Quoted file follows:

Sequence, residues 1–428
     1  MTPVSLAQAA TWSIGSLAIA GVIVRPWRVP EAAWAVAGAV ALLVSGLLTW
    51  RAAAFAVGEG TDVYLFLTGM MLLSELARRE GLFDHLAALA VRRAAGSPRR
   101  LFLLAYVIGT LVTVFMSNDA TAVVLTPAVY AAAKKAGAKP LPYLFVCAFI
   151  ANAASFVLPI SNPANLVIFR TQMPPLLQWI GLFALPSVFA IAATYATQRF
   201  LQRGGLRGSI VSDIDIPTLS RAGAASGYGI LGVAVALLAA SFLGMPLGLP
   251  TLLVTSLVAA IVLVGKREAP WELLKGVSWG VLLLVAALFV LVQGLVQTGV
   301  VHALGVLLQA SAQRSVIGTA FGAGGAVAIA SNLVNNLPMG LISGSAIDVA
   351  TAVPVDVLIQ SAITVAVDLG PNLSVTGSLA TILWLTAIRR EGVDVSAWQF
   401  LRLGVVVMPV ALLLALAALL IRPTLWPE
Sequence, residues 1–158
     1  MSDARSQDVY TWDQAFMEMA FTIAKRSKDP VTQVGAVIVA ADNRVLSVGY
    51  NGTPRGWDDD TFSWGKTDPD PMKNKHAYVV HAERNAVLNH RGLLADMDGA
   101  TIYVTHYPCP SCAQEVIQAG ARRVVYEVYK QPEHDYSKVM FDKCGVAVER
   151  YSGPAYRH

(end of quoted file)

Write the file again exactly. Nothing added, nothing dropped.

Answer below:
Sequence, residues 1–428
     1  MTPVSLAQAA TWSIGSLAIA GVIVRPWRVP EAAWAVAGAV ALLVSGLLTW
    51  RAAAFAVGEG TDVYLFLTGM MLLSELARRE GLFDHLAALA VRRAAGSPRR
   101  LFLLAYVIGT LVTVFMSNDA TAVVLTPAVY AAAKKAGAKP LPYLFVCAFI
   151  ANAASFVLPI SNPANLVIFR TQMPPLLQWI GLFALPSVFA IAATYATQRF
   201  LQRGGLRGSI VSDIDIPTLS RAGAASGYGI LGVAVALLAA SFLGMPLGLP
   251  TLLVTSLVAA IVLVGKREAP WELLKGVSWG VLLLVAALFV LVQGLVQTGV
   301  VHALGVLLQA SAQRSVIGTA FGAGGAVAIA SNLVNNLPMG LISGSAIDVA
   351  TAVPVDVLIQ SAITVAVDLG PNLSVTGSLA TILWLTAIRR EGVDVSAWQF
   401  LRLGVVVMPV ALLLALAALL IRPTLWPE
Sequence, residues 1–158
     1  MSDARSQDVY TWDQAFMEMA FTIAKRSKDP VTQVGAVIVA ADNRVLSVGY
    51  NGTPRGWDDD TFSWGKTDPD PMKNKHAYVV HAERNAVLNH RGLLADMDGA
   101  TIYVTHYPCP SCAQEVIQAG ARRVVYEVYK QPEHDYSKVM FDKCGVAVER
   151  YSGPAYRH